• Master page   Defines the outer frame of the Web page. A master page contains the elements that you want all pages in your site to share, and it provides a single place to control all of those elements. Typically, a site uses a single site master page, although large Internet sites might use more. For example, a corporate Web site that is used to publicize more than one product could use separate master pages so that the content for each product is properly branded.

    NoteNote:
    There are two types of master pages: site master pages and system master pages. The site master page is used on published Web pages in your site. It is the master page that site users and visitors see when viewing published pages. The system master page supplies the layout of pages in the site used by site designers and authors when interacting with the site's user interface and is also used in some team site templates, such as the Wiki Site and the Document Workspace site templates. This article primarily describes planning considerations for site master pages.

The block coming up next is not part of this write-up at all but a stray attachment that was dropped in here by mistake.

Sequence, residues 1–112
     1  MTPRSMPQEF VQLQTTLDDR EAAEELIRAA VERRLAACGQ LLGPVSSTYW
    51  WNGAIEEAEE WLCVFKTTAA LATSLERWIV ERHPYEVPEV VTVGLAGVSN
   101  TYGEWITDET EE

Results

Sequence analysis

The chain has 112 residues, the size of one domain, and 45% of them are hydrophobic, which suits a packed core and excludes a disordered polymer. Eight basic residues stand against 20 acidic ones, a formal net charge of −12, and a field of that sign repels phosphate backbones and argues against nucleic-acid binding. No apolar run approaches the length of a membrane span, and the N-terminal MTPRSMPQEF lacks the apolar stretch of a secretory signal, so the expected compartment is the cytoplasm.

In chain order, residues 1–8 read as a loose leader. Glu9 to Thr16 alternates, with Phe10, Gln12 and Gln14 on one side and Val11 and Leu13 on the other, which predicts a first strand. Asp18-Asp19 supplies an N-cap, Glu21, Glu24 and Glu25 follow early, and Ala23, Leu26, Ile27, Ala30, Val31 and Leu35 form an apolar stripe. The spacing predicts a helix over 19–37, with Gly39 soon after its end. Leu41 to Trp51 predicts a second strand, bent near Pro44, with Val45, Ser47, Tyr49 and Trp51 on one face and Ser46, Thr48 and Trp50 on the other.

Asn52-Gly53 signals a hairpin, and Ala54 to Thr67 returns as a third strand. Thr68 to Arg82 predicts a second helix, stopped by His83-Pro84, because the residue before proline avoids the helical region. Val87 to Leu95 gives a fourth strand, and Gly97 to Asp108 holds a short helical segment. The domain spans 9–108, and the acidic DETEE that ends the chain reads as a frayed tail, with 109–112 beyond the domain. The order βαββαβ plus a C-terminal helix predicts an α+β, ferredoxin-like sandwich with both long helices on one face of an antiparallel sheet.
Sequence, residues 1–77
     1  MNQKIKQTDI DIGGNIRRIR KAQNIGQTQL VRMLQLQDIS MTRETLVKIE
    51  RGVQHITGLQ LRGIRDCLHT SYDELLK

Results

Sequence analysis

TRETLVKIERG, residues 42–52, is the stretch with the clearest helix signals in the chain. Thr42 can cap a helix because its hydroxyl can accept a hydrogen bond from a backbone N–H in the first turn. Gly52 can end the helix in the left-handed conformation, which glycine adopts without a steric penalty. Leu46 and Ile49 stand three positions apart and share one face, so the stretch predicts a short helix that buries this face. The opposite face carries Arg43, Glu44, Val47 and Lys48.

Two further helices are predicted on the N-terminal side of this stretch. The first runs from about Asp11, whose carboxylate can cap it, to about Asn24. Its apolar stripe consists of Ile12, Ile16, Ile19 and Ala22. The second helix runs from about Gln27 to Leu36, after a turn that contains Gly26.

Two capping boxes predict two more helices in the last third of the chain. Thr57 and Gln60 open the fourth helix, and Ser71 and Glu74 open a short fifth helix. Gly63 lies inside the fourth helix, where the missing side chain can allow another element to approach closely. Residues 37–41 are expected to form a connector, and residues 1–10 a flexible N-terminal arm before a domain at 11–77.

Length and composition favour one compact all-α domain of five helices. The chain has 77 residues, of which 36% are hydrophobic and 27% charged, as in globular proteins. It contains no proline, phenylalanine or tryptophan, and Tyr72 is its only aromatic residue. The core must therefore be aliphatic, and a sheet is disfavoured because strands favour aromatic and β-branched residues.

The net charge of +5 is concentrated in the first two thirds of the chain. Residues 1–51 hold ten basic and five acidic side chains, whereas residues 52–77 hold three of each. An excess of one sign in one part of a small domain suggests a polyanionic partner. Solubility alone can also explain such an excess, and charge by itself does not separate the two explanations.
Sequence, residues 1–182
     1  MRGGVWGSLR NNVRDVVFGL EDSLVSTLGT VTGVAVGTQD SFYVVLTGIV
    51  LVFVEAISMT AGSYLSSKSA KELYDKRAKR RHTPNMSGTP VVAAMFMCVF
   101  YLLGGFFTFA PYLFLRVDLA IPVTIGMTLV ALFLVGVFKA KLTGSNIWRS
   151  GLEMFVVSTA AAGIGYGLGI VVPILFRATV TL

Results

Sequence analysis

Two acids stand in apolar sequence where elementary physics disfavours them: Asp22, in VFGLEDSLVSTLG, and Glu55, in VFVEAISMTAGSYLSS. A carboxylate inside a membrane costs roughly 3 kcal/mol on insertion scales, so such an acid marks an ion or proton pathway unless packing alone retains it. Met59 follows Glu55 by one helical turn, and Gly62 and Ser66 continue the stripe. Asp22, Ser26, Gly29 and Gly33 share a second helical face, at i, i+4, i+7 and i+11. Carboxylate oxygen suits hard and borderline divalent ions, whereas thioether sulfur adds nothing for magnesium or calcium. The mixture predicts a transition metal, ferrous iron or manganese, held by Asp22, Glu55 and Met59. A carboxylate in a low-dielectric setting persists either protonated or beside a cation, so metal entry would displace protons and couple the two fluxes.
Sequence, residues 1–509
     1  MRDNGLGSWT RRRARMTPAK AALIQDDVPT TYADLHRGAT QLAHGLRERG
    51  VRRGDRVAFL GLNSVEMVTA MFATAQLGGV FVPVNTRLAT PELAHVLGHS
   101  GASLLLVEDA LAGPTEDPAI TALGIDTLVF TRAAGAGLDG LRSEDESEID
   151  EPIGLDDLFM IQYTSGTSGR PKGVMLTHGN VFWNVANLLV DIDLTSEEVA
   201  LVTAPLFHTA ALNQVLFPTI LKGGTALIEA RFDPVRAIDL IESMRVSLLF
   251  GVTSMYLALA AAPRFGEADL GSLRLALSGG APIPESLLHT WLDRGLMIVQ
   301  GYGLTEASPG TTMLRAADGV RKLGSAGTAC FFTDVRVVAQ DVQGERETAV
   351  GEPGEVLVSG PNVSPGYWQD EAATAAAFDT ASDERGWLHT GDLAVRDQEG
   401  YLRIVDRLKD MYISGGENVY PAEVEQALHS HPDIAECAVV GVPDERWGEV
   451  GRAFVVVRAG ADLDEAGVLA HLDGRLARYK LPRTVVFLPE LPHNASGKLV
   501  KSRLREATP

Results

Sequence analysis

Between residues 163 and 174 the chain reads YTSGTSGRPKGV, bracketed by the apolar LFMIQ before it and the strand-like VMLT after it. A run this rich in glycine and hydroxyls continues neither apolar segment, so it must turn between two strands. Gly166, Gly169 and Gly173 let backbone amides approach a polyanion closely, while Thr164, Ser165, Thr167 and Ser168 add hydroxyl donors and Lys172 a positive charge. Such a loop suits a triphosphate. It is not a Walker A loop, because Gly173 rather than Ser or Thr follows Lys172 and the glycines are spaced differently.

Master pages for all sites in a site collection are stored in the Master Page Gallery in the top-level site in the site collection. Because the Master Page Gallery is a SharePoint library, master pages have all the features of documents in Office SharePoint Server 2007, such as versioning, auditing, workflow, check-in and check-out, and content approval.

    Typically, master pages include the following elements:

    • Branding elements, such as corporate logos and color schemes.

    • Shared navigation elements.

    • Shared features, such as search commands and Help commands.

    • Links to cascading style sheets. (Cascading style sheets control page appearance, colors, and fonts.)

    The publishing site templates included in Office SharePoint Server 2007 include site master pages that you can use as a starting point in your page design. To customize an existing master page or create a new one, use Microsoft Office SharePoint Designer 2007 or Microsoft Visual Studio.